All of the above would probably be enough for most Android users, but Google didn't stop there: Android Jelly Bean also includes a number of smaller features, too.
Google's mobile Chrome browser is finally out of beta and now installed by default with Jelly Bean. We've had a mostly love-hate relationship with the stock Browser since we've first laid eyes on it, but Chrome successfully makes the transition to mobile in first class style.
We ran our usual battery of browser tests on mobile Chrome, comparing a Samsung Galaxy Nexus running 4.0.4 against the same device under 4.1. The Jelly Bean-equipped handset narrowly trumped Ice Cream Sandwich with a Peacekeeper score of 452 versus 461, while Sunspider 0.9.1 curiously clocked 1833.6ms for Jelly Bean and 1631.2ms for ICS.
While we found the Ice Cream Sandwich soft keyboard to be one of the best available on any mobile platform, the Android 4.1 update kicked things up a notch or two by making the keyboard smarter and more accurate than before.
Text-to-speech is also improved, while voice typing now works even without a data connection. (Take that, Siri.)
Then with Android 4.2 Google introduced "gesture typing", which works a lot like the well known Swype by sliding you finger between letters to write a word.
It's difficult to master, but once you do speed is dramatically increased. The next word prediction and dictionaries have also been given a boost, making the whole system even smarter.
The photo sphere function arrived in the second Jelly Bean update - Android 4.2 - allowing you move around while taking photos - look up and down and pan and it will capture everything in a series of connected images, right up to creating a full 360-degree panorama.
Much like how you can look around in street view - just on a smaller scale, plus it's not quite as cleanly cut. A good start, but it needs a bit more work to become really useful.
On the flip side, Android Beam didn't live up to a lot of its promise with Ice Cream Sandwich, largely because that OS has been slow to take off.
There are now plenty of devices on the market offering near-field communication (NFC) chips, and that means Beam is finally ready for prime time with Jelly Bean.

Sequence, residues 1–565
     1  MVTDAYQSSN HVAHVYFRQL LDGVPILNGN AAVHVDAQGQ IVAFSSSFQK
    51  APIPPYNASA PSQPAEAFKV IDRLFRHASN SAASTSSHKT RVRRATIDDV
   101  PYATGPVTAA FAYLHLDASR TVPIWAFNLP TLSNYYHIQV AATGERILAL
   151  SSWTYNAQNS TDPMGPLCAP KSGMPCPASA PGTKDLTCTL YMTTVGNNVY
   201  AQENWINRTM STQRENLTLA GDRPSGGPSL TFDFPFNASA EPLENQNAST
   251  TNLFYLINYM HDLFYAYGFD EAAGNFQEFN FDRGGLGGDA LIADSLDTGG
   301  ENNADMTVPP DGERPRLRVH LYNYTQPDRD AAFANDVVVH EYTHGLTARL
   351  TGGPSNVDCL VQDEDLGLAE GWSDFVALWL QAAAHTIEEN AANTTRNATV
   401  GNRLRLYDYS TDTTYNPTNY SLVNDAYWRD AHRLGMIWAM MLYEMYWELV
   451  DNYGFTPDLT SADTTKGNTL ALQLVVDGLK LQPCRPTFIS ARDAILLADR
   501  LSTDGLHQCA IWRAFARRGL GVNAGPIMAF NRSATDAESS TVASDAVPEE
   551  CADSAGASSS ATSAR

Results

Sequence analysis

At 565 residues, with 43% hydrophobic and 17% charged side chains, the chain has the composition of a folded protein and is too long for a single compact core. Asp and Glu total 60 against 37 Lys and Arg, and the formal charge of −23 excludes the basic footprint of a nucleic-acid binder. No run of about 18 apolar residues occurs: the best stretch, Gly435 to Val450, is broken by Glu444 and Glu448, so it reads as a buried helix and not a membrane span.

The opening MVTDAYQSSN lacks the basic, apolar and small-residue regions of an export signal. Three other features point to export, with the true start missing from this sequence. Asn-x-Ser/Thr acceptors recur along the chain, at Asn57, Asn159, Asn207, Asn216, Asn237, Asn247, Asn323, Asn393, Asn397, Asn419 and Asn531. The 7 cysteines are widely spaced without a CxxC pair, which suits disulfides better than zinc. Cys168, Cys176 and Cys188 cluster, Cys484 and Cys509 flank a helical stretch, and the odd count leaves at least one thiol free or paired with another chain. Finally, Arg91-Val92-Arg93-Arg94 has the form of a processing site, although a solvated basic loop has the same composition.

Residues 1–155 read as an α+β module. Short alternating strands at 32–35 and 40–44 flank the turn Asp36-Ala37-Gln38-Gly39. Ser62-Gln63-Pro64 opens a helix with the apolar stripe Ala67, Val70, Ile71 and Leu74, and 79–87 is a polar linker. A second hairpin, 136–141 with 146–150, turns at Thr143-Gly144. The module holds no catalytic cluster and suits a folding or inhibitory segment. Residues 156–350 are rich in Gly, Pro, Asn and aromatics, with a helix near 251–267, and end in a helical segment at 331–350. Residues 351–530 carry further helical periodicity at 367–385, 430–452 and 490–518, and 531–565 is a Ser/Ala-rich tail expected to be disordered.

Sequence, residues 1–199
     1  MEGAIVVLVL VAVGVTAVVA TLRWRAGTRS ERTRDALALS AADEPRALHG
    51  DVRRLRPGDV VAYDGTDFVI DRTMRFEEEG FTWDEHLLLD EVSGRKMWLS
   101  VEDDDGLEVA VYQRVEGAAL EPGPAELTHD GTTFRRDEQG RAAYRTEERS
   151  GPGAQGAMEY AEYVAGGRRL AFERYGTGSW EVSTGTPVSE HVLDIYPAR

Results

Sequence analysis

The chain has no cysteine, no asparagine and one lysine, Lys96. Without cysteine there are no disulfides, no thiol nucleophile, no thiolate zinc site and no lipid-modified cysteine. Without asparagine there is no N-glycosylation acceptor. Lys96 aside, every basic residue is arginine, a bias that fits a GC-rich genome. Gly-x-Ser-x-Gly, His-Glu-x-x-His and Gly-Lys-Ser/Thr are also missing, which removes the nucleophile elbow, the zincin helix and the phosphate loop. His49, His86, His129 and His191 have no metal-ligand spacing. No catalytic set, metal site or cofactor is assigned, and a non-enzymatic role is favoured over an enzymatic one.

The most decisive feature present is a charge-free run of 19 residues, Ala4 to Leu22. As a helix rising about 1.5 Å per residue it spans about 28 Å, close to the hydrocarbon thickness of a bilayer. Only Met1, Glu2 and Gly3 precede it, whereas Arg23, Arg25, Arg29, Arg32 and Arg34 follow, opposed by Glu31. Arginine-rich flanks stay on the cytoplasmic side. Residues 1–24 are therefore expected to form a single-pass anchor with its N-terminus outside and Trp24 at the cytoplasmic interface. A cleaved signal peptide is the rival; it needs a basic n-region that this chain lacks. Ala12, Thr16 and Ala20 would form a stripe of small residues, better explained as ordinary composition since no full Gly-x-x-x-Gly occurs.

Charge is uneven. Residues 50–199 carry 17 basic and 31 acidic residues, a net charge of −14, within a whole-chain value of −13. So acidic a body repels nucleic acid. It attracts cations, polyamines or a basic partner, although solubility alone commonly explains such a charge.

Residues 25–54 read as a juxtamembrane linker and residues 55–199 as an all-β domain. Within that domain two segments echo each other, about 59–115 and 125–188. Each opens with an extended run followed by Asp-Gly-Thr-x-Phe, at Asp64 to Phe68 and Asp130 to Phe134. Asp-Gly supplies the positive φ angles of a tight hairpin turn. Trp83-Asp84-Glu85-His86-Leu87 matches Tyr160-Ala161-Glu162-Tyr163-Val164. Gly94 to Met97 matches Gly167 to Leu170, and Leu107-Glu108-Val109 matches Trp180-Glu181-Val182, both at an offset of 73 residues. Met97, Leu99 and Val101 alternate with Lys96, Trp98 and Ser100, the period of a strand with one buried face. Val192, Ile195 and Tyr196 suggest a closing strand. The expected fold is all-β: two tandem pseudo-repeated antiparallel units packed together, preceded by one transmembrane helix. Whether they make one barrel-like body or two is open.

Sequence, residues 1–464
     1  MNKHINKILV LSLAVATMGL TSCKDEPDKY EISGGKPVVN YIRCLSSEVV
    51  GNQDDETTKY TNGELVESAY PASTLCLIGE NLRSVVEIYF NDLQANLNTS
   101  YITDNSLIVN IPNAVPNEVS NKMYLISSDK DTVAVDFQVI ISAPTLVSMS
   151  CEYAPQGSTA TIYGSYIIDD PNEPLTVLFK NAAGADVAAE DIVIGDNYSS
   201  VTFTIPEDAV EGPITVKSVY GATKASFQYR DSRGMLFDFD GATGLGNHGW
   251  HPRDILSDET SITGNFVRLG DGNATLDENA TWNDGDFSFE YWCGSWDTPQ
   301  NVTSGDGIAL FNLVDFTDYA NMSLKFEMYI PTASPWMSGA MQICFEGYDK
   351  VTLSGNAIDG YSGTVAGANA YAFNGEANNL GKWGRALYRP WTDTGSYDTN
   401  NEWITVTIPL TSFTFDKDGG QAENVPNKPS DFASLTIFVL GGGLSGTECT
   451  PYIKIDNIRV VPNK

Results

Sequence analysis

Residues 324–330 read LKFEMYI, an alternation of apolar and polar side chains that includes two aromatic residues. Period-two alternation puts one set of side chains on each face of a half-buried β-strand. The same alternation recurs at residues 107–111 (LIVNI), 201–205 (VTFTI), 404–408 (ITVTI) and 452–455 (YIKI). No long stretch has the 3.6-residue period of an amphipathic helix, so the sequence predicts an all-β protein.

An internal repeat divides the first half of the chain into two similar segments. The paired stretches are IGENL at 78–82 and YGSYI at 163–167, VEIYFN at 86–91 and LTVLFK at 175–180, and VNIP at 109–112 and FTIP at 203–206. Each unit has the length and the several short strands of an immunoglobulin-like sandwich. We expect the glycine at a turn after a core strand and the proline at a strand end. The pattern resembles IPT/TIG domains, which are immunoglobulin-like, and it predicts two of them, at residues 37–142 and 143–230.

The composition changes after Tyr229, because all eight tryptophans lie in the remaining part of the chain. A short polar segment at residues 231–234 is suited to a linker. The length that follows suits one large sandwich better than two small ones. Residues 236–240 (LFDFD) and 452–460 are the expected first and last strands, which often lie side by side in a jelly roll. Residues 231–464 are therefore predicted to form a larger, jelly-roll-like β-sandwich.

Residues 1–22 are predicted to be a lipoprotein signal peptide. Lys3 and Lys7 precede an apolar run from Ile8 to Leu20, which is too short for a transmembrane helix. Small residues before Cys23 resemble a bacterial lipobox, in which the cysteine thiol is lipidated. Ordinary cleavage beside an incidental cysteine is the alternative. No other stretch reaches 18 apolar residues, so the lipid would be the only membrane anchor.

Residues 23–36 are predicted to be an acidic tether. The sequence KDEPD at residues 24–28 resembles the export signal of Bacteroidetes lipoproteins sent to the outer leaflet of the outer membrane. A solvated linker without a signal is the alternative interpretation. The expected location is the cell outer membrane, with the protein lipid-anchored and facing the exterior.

In addition to sharing contacts, web pages, YouTube videos, directions or even links to apps just by touching two Android devices back to back, Jelly Bean enables sharing of photos or videos in the same way.
There's just one caveat: This can't be done with devices still running Ice Cream Sandwich, which throws up an error about large file transfers not being supported.
Multiple user profiles
Android 4.2 also allows for multiple user profiles on a single tablet device – sorry no such option for smartphones.
Much like user accounts on a PC, with Android 4.2 you can switch between users from the lock screen, allowing each user to have unique homescreens, apps, bookmarks and email accounts set up.
In other words, multiple users can customize the device to their liking and maintain their privacy – handy if you sharing a tablet with a loved one, or with the whole family.
If you loved the Face Unlock feature introduced with Android 4.0 but had concerns about someone being able to use your photo to access the handset, worry no more.
Google has beefed up Jelly Bean with Blink Detect, which now asks the user to blink their eyes to confirm you're a living, breathing entity and not just a static image.
Maps users now have the ability to save such data offline, which comes in quite handy for a Wi-Fi only device like the Nexus 7. (This functionality also works for any device running Android 2.3 Gingerbread or later.)
We were able to select the majority of the county we live in and one adjacent to us while staying below the roughly 80MB limit for a single offline zone, but the new "My Places" menu allows you to save as many as you'd like.